CHICAGO--(BUSINESS WIRE)--Fitch Ratings has affirmed its 'AA-' rating on the Illinois State Toll Highway Authority's (ISTHA, or the authority) approximately $5 billion in outstanding toll highway senior revenue bonds. The Rating Outlook is Stable.
The rating reflects the essentiality of the tollway system, evidenced by its stable and growing traffic base since 1974 and demonstrated moderate price elasticity. It also reflects prudent debt management, as illustrated by its strong historical and projected debt service coverage ratios (DSCR). Total leverage should remain moderate and relatively stable as the authority presses ahead on its MOVE Illinois capital program, which is expected to require around $5 billion in total debt financing. Fitch notes that this is largely mitigated by a history of delivering capital programs on time and under budget, a very robust balance sheet position, and an approved 60% commercial toll increase that began being phased in in 2015, which complements the recent 88% passenger vehicle increase.
KEY RATING DRIVERS
Revenue Risk: Volume - Stronger
ESSENTIAL ROAD NETWORK WITH STABLE DEMAND: The tollway system provides critical transportation links that serve the Chicago and northern Illinois metropolitan area and provide key connections to interstate highways. As a result, toll transactions have grown in nearly every year since 1974; the five-year compound annual growth rate (CAGR) of 1.6% reflects recessionary effects, the operational interruptions of the Congestion Relief Program (CRP), and some elasticity to the recent passenger toll increase. The network benefits from a passenger vehicle base, comprised mostly of commuters, that accounts for 88% of total transactions.
Revenue Risk: Price - Stronger
MODERATE RATE-MAKING FLEXIBILITY: While ISTHA has full legal authority to adjust toll rates and has demonstrated in the recent past a willingness to implement significant increases when necessary, Fitch notes that future toll increases beyond those currently approved are uncertain. However, ISTHA's passenger car rates are very competitive, providing significant economic ratemaking ability as evidenced by the lower-than-expected 4.2% drop in traffic following the 88% passenger toll rate increase in 2012. Approved commercial toll increases aggregating 60% over current levels are being phased in over 2015-2017, with CPI-based increases thereafter.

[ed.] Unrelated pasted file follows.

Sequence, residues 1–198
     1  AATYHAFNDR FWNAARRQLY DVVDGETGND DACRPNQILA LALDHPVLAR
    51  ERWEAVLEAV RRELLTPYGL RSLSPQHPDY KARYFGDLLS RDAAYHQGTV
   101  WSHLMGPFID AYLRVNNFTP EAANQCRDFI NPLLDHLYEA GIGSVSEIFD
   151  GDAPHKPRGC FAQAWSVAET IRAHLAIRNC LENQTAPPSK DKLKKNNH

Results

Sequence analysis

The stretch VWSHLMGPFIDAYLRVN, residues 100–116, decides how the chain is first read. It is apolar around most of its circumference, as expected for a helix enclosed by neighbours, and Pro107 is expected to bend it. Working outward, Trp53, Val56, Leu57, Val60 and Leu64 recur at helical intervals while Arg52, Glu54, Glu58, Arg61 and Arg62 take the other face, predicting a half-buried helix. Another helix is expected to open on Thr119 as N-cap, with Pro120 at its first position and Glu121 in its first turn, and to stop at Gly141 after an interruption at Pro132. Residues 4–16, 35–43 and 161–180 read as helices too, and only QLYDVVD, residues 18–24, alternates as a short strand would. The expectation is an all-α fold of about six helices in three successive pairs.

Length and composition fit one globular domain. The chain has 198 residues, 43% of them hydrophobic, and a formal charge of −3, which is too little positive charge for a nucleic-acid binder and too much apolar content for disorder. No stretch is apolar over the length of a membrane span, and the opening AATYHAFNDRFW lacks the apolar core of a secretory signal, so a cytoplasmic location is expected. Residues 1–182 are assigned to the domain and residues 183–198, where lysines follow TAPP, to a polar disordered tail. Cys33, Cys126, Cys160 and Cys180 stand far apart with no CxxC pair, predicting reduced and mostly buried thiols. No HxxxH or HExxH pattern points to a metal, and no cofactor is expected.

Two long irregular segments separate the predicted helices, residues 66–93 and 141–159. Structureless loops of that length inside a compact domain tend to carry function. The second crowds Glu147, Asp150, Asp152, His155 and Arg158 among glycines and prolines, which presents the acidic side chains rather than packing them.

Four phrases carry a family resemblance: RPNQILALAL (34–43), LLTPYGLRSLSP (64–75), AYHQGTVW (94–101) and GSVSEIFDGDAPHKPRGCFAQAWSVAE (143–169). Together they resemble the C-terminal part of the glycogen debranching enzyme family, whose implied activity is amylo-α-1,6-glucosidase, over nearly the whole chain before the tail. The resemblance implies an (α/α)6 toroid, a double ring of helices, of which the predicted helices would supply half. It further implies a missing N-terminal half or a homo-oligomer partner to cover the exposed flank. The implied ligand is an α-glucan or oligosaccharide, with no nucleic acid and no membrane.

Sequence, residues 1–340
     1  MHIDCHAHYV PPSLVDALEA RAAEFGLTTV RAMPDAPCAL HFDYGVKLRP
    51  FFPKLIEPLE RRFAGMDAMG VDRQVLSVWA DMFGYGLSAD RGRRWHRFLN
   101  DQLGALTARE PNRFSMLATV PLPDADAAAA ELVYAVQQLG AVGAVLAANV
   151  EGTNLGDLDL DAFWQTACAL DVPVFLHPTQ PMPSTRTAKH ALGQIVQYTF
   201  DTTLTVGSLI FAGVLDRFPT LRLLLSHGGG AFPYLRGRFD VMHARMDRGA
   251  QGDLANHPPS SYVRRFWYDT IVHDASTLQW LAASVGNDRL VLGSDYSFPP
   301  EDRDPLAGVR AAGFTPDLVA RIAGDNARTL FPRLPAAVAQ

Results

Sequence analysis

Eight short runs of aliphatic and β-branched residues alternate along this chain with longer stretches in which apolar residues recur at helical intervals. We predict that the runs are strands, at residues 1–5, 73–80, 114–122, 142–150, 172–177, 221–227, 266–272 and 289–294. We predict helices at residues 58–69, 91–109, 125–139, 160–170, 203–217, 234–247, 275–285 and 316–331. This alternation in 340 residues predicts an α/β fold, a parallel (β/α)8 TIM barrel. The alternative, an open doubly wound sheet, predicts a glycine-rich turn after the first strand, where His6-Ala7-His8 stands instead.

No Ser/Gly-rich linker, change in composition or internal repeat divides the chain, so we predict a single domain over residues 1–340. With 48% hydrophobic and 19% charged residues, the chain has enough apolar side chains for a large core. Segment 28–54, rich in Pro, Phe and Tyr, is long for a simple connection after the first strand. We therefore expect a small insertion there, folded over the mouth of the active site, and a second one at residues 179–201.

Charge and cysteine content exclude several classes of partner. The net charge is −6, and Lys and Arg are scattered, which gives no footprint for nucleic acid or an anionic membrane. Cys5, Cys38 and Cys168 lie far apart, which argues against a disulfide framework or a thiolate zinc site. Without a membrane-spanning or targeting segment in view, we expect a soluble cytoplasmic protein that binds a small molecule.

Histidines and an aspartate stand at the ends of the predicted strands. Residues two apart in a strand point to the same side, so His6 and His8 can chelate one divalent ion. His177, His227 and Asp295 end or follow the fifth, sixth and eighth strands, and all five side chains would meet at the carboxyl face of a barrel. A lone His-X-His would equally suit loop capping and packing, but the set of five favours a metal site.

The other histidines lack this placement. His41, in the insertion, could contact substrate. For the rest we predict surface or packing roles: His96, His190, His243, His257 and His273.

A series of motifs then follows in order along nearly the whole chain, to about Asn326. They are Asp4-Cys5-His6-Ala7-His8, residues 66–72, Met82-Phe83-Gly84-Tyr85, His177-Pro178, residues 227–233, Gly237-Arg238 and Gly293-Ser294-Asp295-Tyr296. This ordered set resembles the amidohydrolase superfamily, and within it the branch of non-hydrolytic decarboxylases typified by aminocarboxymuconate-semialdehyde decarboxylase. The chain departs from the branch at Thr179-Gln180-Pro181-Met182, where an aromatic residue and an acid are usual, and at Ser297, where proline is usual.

Infrastructure Development/Renewal - Midrange
LARGE CAPITAL PLAN PARTIALLY DEBT FUNDED: ISTHA is in year four of its 15-year, $12.1 billion MOVE Illinois capital program. Funding is expected to come from $5 billion of new money debt issuances ($1.4 billion of which has already been issued) with the remainder from cash flow, supported by recent and future toll increases. Fitch notes that the authority has nearly completed its existing $5.7 billion CRP on time and under budget and MOVE Illinois is similarly proceeding according to plan.
Debt Structure - Midrange
REDUCED VARIABLE-RATE EXPOSURE: ISTHA has taken strides to reduce its variable rate exposure, which should drop to approximately 22% by the end of 2015 with the issuance of additional planned fixed-rate debt for the capital program over the course of the year. The authority's variable rate debt exposure is, in any case, 100% hedged with multiple counterparties, all rated at least 'A' category. Maximum annual debt service (MADS) is $400 million in 2030, but is estimated by the authority to increase to approximately $615 million after all Move Illinois borrowing is taken into account.
MODERATE LEVERAGE AND HEALTHY DSCR: The current tollway system's debt burden is large at $5 billion, and is expected to increase measurably to $7.6 billion in conjunction with the capital program. However, the authority's net debt-to-cash flow available for debt service (CFADS) is moderate at 5.2x for 2014 and is not expected to increase much higher than 6x as a result of the MOVE Illinois program. DSCR have historically been 1.8x or higher and Fitch's rating case projections indicate DSCRs could remain at or above 1.8x through the medium term. Strong liquidity of over 1,100 days cash on hand as of fiscal 2014 provides the authority with additional financial flexibility, although Fitch notes this will be partially drawn upon for MOVE Illinois funding.
The closest Fitch-rated large expressway network peers include Harris County Toll Road Authority ('AA'/Stable Outlook) and Central Florida Expressway Authority ('A'/Stable Outlook), despite a significantly larger annual volume and toll revenue base for ISTHA. The authority has higher coverage and lower leverage then Central Florida, but lower coverage and higher leverage and capital needs when compared to Harris County, largely explaining its rating relative to these peers.
--HIGHER CAPITAL SPENDING: Increased project costs or additional projects added to the MOVE Illinois program that materially increase leverage.
--LACK OF TIMELY TOLL ADJUSTMENTS: Failure to adjust tolls in the face of traffic and revenue underperformance or increases in operating expenses that result in a weaker DSCR profile than currently expected.